Award-winning author Joyce Faulkner is the daughter and niece and wife of veterans. She writes about things that move her about life. She is a past president of Military Writers Society of America and is the cofounder of The Red Engine Press. To read more about Joyce’s work, please visit her website at www.JoyceFaulkner.com
“The Author’s Corner® on Public Radio show celebrates new books with brief authentic readings by authors. Enjoy best-selling authors and emerging stars in this fresh nationwide series available free to air on 500 “NPR” stations nationwide, from Maine to Guam.” Click the photo to listen to me read a brief passage from my latest novel,Johnnie Come Lately.
Author and journalist Deborah Kalb grew up watching her famous father on CBS News, NBC News, and as the moderator of Meet the Press. In 2011, Deborah appeared with her father and co-author, Marvin Kalb, on C-SPAN2 BOOKTV where they discussed their book, Haunting Legacy: Vietnam and the American Presidency from Ford to Obama (Brookings Institution Press), with moderator and television journalist Ted Koppel.
On Monday, January 26, 2015, Deborah called me to discuss my latest novel, Johnnie Come Lately. The first thing Deborah said was, “I loved Johnnie Come Lately. Your characters are so well drawn.” She also told me how much she enjoyed the journal entries woven throughout the narrative. To read our full interview, please visit Books Q & As with Deborah Kalb.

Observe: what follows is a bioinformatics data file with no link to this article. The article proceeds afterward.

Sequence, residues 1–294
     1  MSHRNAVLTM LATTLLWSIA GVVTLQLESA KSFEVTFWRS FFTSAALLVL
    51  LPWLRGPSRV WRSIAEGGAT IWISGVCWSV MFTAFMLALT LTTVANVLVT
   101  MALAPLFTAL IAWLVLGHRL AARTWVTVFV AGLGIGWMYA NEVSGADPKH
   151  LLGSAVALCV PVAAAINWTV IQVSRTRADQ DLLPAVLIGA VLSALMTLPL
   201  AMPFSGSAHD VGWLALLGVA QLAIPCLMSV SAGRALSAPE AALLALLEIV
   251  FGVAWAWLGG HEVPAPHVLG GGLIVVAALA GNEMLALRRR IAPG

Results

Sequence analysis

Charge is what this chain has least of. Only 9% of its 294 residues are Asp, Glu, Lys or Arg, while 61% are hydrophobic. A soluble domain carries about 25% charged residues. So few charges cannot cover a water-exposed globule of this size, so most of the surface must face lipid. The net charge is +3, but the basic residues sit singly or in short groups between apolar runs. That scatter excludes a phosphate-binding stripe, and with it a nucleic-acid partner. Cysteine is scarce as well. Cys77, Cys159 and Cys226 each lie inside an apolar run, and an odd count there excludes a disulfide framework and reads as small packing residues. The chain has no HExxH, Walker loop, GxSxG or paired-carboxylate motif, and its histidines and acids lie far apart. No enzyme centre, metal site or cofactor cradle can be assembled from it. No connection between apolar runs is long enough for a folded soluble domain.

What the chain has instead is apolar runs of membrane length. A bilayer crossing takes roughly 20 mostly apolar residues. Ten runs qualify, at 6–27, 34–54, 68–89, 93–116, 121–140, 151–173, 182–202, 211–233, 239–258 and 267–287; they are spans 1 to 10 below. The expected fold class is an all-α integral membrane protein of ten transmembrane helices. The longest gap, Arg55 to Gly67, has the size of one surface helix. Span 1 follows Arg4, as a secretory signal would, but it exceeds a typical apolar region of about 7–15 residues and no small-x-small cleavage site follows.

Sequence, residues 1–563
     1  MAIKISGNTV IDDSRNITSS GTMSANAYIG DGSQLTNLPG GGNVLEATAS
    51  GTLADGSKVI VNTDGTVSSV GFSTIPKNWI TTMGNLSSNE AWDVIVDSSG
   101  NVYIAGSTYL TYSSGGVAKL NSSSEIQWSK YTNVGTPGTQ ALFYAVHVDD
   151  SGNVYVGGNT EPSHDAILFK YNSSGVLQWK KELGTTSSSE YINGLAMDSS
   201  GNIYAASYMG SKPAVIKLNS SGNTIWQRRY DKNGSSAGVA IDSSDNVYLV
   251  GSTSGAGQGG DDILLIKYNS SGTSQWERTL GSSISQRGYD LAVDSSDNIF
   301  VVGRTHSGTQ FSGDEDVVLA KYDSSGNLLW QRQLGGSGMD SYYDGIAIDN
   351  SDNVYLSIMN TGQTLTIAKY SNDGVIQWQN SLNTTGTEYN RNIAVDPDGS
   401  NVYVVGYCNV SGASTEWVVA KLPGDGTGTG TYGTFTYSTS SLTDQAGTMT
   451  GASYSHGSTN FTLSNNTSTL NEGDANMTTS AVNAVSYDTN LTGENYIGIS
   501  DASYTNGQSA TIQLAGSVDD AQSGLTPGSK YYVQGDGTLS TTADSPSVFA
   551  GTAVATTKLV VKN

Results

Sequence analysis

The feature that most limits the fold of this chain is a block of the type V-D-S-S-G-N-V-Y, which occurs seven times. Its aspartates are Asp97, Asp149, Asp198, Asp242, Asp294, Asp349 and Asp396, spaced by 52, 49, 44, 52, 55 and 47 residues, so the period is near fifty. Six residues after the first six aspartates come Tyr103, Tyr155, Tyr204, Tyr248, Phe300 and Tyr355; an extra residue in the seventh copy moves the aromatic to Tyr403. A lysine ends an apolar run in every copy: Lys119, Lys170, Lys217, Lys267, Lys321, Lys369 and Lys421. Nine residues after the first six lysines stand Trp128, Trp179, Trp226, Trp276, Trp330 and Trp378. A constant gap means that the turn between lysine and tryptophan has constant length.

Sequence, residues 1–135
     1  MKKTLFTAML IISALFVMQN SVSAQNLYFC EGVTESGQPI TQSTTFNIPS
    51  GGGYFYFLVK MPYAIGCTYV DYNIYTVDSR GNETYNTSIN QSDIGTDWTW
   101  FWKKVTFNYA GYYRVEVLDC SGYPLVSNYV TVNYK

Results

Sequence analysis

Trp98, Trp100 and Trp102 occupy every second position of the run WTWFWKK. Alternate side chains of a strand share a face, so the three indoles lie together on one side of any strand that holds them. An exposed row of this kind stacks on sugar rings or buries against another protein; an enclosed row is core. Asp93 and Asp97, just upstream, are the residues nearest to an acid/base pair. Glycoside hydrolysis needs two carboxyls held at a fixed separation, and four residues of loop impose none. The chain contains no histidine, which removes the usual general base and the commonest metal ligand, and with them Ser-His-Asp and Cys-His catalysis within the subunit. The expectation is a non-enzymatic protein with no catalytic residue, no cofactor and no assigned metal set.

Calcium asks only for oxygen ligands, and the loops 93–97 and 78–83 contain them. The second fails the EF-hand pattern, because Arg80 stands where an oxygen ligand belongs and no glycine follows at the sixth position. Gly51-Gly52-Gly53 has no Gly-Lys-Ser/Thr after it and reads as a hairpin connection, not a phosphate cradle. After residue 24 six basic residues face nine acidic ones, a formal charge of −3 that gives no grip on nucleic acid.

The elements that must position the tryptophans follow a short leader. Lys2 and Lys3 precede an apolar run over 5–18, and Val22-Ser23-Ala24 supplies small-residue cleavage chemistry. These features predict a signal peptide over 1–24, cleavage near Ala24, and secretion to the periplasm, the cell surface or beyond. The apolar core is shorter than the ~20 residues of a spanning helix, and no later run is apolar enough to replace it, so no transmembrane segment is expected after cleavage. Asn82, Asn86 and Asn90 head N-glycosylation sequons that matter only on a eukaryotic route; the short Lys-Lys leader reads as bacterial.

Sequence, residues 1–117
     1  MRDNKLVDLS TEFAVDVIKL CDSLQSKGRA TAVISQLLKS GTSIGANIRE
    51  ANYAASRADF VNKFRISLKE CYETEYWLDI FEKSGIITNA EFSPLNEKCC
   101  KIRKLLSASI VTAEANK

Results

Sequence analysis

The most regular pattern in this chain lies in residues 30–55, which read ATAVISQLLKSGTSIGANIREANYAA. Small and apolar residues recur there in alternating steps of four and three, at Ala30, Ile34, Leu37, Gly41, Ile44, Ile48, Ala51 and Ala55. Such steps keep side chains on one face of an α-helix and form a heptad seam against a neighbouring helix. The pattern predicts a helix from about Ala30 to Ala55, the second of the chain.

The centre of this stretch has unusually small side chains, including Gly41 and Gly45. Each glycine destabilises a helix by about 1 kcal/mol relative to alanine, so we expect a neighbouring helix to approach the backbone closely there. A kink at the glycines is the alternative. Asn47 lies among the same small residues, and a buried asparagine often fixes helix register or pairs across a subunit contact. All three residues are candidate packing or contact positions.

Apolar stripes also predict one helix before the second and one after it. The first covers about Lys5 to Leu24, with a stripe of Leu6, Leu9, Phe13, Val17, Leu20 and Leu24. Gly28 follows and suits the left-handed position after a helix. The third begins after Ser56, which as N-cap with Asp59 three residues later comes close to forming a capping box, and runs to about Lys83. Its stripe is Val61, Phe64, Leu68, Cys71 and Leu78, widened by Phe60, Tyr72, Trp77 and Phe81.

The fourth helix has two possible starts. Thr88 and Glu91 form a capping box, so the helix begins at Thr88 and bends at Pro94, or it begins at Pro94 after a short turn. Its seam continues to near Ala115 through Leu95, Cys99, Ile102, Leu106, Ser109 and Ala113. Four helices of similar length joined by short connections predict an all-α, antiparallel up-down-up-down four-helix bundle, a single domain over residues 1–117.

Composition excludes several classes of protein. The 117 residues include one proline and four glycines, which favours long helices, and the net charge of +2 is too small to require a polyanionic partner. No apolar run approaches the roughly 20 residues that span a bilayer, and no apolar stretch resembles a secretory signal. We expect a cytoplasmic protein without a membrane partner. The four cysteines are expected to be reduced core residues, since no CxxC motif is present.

Deborah Kalb is a freelance writer and editor. She spent two decades working as a journalist in Washington, D.C., for news organizations including Gannett News Service, Congressional Quarterly, U.S. News & World Report, and The Hill, mostly covering Congress and politics. Besides co-authoringHaunting Legacy with her father, Marvin Kalb, she is also co-author or co-editor of two books published by CQ Press (The Presidents, First Ladies, and Vice Presidents; and State of the Union: Presidential Rhetoric from Woodrow Wilson to George W. Bush).
What an honor to be featured in Terri Barnes‘ popular column in Stars & Stripes! After Terri read an advanced reader copy of my forthcoming novel, Johnnie Come Lately, she offered to endorse it and she also requested an interview. We talked for over an hour. Please click the red link to read the story she gleaned from our conversation.
“The Kitchen family could be any wholesome All-American family, and like any family, they have secrets. In Johnnie Come Lately, Kathleen Rodgers brings to life an extended family that could be yours or mine. Their secrets will draw you into this book, and Rodgers’ characters — from Johnnie Kitchen to her lovable chocolate lab, Brother Dog — will jump off the page, grab your heart, and won’t let it go until the very end.”
Terri Barnes, author of Spouse Calls: Messages From a Military Life and a columnist for Stars and Stripes
Terri’s full bio:
Terri is the author of Spouse Calls: Messages From a Military Life and is the special projects editor at Elva Resa Publishing. A well-respected columnist, Terri is the writer and creator of the weekly Stars and Stripes column Spouse Calls, which first appeared in 2007. Now published in print editions worldwide and online, Spouse Calls serves as a voice for military spouses and families, through personal stories, incisive interviews, news analysis, and interaction with readers. Terri has been a member of the Washington, DC, press corps and has contributed to several other books about military life. Her work has appeared in Air Force/Army/Navy Times, The Huffington Post, and Books Make a Difference, as well as newspapers, magazines, and base publications in many of her adopted hometowns around the world. Her other media appearances include CNN Newsroom, Positive Parenting with Armin Brott, and Semper Feisty Radio with USMC Life.